Somehow, without deliberately planning it, my adult life has assumed a pattern in which, every decade or so, I pick myself up and relocate to an entirely different region of the country. I spent the 1980s in Boston, the 1990s in Seattle, and since 2002 I have resided in San Diego. And now, at the dawn of 2012, life is arranging itself so that I shall be relocating again, this time to Eugene, Oregon.
Each of these residencies came about through multiple reasons, and involved multiple goals, a number of which did not succeed as I had hoped. But in each place, I went through various processes of self-discovery and transformation, some of which probably could have happened anywhere, but all of which were definitely catalyzed by people and events I could have only encountered by being where I was, when I was.
Just so with my time in San Diego, and decision to leave it. I had come down to San Diego as an escape from the big corporate environment I had succeeded rather too well at getting integrated into by the end of my time in Seattle. I was seized with a feeling of living a life designed for somebody else, with somebody else's values, and desperately wanted and needed to finally do something that I loved.
Well, I came down here ... and some of those plans did not work out as desired. Part of the problem was that I was still dogged by lifelong personal issues that were sapping my strength, the key to which I finally received a couple of years after my father's death in 2003. Some long-held family skeletons were finally let out of the closet in the wake of that death, and suffice it to say I began to fully grasp the nature of the familial monsters that had been living in my head and holding me back. Essentially, I came to realize I had post-traumatic stress disorder from a childhood full of psychological abuse and bullying. This realization, while majorly enlightening, was far from the end of the matter; in dealing with its impact on my life, I have suffered a number of setbacks, and I may well be sorting pieces of this out for many years. But after finding a new resolve last June to do the things I needed to do to heal and get more fully healthy, I feel like I am finally on my way.
And then of course, there has been the recession. At first I thought I was actually in a good position to ride it out--unlike a lot of other people, I had already drastically downsized, was used to living frugally, and had what I thought were skills that would stay in demand. Little did I, or a lot of people, realize just how profoundly unemployment would gouge California, and Southern California, in particular--suddenly the market was flooded with people with my skillset all scrambling for whatever job openings or freelance work was to be found. I finally did get a toehold in some new online work, but it was downright scary for awhile there.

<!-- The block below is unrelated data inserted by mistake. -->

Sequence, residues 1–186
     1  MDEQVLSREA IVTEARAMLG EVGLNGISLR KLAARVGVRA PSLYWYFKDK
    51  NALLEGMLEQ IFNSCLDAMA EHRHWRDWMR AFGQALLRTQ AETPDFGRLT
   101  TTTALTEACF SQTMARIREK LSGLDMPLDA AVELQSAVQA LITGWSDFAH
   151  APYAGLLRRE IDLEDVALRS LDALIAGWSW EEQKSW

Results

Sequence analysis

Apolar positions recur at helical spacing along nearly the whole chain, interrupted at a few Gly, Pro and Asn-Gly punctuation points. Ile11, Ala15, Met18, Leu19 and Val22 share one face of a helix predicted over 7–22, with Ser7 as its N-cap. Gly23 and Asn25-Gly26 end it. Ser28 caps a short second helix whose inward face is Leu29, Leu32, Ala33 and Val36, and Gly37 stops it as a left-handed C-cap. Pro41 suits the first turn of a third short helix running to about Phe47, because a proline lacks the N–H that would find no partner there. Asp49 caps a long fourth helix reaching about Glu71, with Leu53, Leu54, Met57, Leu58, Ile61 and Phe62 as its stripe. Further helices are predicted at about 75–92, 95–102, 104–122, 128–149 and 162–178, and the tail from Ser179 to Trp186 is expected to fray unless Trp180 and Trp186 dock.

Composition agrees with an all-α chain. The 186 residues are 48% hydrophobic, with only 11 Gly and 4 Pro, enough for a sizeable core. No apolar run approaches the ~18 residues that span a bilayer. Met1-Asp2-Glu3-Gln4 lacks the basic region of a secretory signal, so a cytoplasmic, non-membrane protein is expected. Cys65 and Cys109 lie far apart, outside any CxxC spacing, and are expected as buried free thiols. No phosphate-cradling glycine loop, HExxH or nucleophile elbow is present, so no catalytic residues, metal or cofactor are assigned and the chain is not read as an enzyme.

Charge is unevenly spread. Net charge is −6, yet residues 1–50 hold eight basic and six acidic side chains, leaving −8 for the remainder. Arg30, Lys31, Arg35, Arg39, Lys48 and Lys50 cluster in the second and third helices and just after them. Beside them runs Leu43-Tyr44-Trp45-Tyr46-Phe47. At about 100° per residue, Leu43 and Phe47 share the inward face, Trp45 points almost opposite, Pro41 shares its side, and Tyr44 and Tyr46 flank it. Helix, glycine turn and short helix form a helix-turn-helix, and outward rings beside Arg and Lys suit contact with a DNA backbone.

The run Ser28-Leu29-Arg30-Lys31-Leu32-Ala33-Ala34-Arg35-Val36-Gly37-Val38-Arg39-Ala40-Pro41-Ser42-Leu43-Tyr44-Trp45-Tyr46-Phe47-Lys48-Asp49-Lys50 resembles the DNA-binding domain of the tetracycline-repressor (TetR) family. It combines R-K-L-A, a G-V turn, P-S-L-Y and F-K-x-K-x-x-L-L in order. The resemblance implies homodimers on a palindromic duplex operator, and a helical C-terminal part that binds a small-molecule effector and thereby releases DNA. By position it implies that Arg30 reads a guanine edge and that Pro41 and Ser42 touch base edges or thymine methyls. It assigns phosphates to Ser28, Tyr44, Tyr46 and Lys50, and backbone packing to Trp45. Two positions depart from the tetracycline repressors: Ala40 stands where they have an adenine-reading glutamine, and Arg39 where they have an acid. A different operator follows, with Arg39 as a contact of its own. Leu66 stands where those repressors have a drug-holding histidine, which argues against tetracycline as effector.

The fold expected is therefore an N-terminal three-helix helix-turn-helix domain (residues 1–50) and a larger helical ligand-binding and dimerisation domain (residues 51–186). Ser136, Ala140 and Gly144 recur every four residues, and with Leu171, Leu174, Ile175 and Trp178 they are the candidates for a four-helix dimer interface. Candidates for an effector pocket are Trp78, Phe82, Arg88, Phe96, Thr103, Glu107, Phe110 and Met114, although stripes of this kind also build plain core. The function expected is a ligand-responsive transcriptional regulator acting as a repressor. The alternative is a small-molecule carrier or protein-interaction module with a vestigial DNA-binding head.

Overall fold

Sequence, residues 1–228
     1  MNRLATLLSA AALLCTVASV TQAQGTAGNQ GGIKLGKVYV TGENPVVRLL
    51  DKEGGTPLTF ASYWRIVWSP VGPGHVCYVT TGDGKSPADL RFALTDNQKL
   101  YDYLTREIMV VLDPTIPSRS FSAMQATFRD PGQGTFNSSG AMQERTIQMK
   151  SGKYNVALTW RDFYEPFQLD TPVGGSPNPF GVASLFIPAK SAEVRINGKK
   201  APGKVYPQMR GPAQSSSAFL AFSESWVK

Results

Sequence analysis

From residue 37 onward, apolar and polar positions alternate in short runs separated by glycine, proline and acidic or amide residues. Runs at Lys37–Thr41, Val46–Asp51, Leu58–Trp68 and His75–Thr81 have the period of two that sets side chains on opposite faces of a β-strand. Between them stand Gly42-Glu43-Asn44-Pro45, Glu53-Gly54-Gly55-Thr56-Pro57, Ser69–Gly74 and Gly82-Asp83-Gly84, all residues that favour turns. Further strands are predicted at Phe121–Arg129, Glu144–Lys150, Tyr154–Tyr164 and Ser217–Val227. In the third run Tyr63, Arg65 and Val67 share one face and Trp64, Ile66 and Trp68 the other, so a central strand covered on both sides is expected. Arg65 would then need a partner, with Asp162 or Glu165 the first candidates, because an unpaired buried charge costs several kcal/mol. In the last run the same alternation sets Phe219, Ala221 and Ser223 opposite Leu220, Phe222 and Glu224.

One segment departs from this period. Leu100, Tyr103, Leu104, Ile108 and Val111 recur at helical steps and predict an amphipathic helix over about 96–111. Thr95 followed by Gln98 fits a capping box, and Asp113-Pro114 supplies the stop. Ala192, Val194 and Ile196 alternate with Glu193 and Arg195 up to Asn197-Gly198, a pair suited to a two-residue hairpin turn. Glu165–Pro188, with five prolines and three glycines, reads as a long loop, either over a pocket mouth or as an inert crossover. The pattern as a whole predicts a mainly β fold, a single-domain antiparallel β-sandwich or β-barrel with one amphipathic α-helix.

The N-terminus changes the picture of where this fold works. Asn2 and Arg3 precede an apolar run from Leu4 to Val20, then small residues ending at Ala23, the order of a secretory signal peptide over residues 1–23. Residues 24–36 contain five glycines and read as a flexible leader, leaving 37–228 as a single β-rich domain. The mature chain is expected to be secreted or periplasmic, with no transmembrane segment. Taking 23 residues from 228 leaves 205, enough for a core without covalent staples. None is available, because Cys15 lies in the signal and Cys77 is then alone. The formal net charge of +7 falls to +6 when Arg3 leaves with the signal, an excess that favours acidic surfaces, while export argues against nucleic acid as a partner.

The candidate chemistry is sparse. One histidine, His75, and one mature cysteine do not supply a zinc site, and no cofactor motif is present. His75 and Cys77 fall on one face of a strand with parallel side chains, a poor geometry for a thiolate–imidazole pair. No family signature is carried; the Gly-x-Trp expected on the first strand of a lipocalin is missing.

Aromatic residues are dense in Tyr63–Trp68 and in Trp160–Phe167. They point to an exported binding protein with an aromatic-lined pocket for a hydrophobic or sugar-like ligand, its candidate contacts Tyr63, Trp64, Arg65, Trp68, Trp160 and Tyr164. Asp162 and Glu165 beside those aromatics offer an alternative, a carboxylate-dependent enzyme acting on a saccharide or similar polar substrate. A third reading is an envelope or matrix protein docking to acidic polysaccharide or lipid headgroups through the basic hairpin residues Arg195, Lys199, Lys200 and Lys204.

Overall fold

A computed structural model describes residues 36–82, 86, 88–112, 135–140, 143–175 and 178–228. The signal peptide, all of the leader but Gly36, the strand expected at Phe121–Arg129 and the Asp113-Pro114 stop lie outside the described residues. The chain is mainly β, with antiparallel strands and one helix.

Meanwhile, a friend I had met online kept urging me to get the hell out of expensive, high-unemployment California and join her in Eugene, where the unemployment rate is a little lower, the cost of living a hell of a lot lower, and the culture, frankly, a lot more suited to my leftover hippy leftist values. And the more I looked into doing this move, the more I discovered that the network of friends I had been quietly building online was making its presence, and willingness to help, known to me. I began to feel like I was doing one of those trust exercises, where you fall backwards and trust that others will catch you. I became filled with the conviction that I was being caught, and held, in a way I had so needed a family to catch and hold me. I became convinced that whatever happened on this new leg of my journey up to Eugene, I would not be allowed to fall.
I am also, partly from necessity and partly by choice, taking this latest move as an opportunity to further simplify my life. There was a period a couple of years back in which I had to move my home in San Diego three times in the space of 12 months, and it became a dreaded and expensive chore to get all thesematerial goods packed, hauled, and unpacked. And I didn't even think I had all that much anymore! But it was still more than I could do alone. When I began to look into moving my stuff to Eugene, and saw the astronomical price--way more than the replacement cost of said goods--I decided, enough. Everything must go. Like Thoreau, I was going to simplify my life way the hell down to the barest essentials. If it does not fit in my car, or in a couple of boxes at most of stuff I will ship ahead, it's not going. The books I love but never read, the clothes I've bought that I never have occasion to wear, the boxes of papers there is no earthly reason for keeping anymore--out out out. Even the furniture... functional enough, but furniture can be replaced and thrift stores abound. Away with all of it. Sell it or donate it or shred it, but however it gets done, just get it offa me. Even just talking about it I feel a burden off my shoulders.
So I have no idea what life has in store for me once I get to Eugene. I'm sure there will be more ups and downs, more cases of things not succeeding as I had hoped. But I have the strangest sense of optimism. I feel like I am achieving whole new levels of personal authenticity, of living the way I want to live as opposed to some lifestyle and values designed by and for others. And even if I do find myself in situations where I have to conform to others' values, I feel sufficiently settled in my values within my own head that external forces can no longer sway me. I know where I'm going, and that's a marvelous feeling.